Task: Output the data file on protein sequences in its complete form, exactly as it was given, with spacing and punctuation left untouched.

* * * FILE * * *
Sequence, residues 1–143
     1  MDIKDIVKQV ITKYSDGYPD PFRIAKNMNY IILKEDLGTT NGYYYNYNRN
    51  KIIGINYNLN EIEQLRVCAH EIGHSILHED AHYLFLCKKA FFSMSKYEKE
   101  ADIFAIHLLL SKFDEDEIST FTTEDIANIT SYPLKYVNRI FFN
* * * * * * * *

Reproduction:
Sequence, residues 1–143
     1  MDIKDIVKQV ITKYSDGYPD PFRIAKNMNY IILKEDLGTT NGYYYNYNRN
    51  KIIGINYNLN EIEQLRVCAH EIGHSILHED AHYLFLCKKA FFSMSKYEKE
   101  ADIFAIHLLL SKFDEDEIST FTTEDIANIT SYPLKYVNRI FFN